We have added new storage to Commvault, and set the old mount paths to “Disabled for Write” via the mount path “Allocation Policy” → “Disable mount path for new data” + “prevent data block references for new backups”
All mount paths that are “disabled for write” do not have any data on them via the “mount path” → “view contents” option.
We have waited a several months for all the data to age off.
I see info on the forums/docs that “data’ may still be on the storage, and there are referenced to “baseline data” in use by our DDB’s. When I go to the mount path properties → Deduplication DB’s tab, I see that all our “disabled for write” mount paths have DDB’s listed in them. So it appears commvault is still using the storage in some way. I saw a post that indicated “The LOGICAL jobs no longer exist on that mount path, but the original blocks are still there, and are being referenced by newer jobs. For that reason, jobs listed in other mount paths are referencing blocks in this mount path as well.”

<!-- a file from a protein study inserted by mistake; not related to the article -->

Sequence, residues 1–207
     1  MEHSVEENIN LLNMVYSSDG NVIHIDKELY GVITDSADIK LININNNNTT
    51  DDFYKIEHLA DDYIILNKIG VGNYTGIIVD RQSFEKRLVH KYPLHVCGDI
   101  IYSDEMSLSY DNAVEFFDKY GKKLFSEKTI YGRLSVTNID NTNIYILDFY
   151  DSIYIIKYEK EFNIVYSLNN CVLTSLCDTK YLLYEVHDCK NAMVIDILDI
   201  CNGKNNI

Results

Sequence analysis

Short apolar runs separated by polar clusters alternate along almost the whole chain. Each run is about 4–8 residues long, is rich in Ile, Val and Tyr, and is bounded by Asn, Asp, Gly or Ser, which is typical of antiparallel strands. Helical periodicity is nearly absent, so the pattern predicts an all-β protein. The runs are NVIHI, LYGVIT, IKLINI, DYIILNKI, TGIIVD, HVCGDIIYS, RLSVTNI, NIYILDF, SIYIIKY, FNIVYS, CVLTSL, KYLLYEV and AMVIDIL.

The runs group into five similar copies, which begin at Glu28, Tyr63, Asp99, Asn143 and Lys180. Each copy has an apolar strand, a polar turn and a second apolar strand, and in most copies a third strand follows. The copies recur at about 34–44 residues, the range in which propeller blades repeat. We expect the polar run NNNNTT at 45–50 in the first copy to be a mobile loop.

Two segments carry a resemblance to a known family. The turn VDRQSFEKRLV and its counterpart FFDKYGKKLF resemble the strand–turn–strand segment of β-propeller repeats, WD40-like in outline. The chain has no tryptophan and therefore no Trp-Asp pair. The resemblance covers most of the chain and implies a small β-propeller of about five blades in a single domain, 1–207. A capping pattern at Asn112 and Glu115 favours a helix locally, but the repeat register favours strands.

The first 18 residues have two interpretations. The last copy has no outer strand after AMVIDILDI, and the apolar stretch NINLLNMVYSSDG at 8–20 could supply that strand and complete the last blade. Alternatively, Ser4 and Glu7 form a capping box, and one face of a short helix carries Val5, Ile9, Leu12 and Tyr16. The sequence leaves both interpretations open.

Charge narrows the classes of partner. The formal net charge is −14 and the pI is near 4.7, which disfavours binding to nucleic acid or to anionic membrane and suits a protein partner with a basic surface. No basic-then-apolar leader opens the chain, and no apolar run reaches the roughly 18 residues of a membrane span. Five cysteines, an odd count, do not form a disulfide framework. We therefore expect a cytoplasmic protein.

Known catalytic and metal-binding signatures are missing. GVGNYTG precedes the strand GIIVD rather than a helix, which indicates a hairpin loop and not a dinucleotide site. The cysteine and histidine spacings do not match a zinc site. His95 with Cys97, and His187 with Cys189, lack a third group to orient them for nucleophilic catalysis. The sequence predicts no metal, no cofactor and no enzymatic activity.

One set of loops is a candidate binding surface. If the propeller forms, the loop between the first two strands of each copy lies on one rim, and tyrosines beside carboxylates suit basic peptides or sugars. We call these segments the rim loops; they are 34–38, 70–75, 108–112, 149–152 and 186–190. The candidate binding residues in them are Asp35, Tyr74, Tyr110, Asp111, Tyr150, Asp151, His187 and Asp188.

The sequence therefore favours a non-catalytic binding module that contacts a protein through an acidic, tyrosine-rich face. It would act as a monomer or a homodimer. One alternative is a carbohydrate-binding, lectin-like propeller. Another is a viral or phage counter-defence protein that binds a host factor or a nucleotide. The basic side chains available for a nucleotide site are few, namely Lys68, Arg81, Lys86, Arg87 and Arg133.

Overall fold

Also: When going on the servers and looking into the mount paths, there are *many* folders in the CV_MAGENTIC folder, some going back as far as 2017 for their modified time. This would make sense if CommVault were still referencing data on the disks…. but 2017 seems a bit extreme
I’m a little unsure how to proceed to make sure that I can cleanly delete/remove these mount points and was looking for any advice/procedure/protocol to properly clean them up so we can cleanly delete them.